I also found myself buying the Marvel horror comics, too... sticking true to my first love. Comics featuring Ghost Rider, Dracula, Frankenstein, and Werewolf by Night. I also read Man-Thing, although I never liked it nearly as much as DC's Swamp Thing. I guess the stories were a little over my head at the time and, besides, I loved ST's incredibly detailed Berni Wrightson artwork. That was another thing that gravitated me toward an interest in comics, I suppose... my interest in art. I'd always had a talent for drawing and painting, through my elementary school years and on into high school, when I was the cartoonist for the school newspaper. I even aspired to be a comic book artist during my sophomore and junior years, creating dozens of my own comics featuring my own stable of superheroes (heroes like the Adversary, Glassman, Amphibi-Human, and the Rebel, to name a few). I even collaborated with my best friend at that time, Lowell Cunningham. He wrote the scripts and I did the artwork (until I went solo and began to write my own stories). Incidently, Lowell went on to create the famed Men In Black series, while I went on to specialize in tales of Southern-Fried horror. Just two unpopular, nerdy boys from Tennessee. Who would have ever thought it?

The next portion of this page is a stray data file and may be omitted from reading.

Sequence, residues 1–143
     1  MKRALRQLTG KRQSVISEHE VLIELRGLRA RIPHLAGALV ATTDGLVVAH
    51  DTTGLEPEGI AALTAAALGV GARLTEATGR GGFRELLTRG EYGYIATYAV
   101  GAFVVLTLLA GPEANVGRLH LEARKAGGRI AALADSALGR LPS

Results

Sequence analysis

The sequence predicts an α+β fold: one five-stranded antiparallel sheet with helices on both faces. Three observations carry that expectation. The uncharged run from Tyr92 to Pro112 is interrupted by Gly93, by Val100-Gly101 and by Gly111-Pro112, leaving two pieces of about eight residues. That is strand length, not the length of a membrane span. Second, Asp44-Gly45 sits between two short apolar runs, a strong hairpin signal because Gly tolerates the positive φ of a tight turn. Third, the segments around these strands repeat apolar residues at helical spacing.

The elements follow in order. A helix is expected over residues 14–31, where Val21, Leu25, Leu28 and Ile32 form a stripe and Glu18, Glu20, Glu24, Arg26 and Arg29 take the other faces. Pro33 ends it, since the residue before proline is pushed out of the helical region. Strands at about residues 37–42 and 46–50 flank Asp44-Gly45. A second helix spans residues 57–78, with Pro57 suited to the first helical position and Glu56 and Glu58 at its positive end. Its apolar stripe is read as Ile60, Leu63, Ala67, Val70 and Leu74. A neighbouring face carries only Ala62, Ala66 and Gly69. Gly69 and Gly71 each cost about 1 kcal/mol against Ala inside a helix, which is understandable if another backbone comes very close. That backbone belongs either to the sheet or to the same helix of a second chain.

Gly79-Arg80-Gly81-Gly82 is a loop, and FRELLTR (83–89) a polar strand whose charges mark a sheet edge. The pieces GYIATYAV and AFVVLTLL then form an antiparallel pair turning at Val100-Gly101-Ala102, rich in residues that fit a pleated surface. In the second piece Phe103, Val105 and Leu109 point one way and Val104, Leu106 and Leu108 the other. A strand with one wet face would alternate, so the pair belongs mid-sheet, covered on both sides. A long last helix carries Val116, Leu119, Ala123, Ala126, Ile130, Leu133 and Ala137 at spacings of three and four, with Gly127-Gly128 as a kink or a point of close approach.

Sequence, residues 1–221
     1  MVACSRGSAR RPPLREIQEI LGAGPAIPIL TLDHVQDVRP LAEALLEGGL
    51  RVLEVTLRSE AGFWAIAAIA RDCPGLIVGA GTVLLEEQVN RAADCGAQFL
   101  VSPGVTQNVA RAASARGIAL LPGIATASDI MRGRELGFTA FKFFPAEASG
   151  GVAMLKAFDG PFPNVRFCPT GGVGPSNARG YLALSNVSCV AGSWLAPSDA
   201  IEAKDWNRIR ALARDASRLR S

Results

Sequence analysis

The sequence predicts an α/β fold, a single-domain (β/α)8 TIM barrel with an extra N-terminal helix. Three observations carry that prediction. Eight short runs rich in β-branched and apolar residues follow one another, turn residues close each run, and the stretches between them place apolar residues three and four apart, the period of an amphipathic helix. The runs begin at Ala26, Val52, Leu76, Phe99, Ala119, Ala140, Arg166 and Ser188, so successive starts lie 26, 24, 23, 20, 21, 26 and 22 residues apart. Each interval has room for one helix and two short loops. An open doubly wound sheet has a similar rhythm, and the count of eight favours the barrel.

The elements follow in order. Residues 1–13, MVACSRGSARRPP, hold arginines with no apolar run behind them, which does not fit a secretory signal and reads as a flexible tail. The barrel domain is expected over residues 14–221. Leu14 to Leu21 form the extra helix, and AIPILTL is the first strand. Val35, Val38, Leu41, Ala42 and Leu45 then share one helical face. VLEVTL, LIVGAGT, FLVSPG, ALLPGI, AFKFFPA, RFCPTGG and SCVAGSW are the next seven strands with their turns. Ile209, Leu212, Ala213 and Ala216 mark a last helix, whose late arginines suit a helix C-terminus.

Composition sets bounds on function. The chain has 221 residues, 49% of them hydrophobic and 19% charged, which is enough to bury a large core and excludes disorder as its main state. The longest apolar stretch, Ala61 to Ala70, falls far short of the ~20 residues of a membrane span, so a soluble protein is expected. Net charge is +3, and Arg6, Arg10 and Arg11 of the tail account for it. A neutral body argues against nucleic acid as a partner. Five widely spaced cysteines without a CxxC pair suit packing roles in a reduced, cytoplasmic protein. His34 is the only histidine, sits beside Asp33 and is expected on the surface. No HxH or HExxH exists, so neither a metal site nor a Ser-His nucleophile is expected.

Coming up next: My desire to become a comic book artist is derailed when I discover a couple of old-time pulp heroes -- one sporting rippling muscles of bronze and the other a face as pale and emotionless as that of Death itself -- and I am bitten by the notorious "Writing Bug"!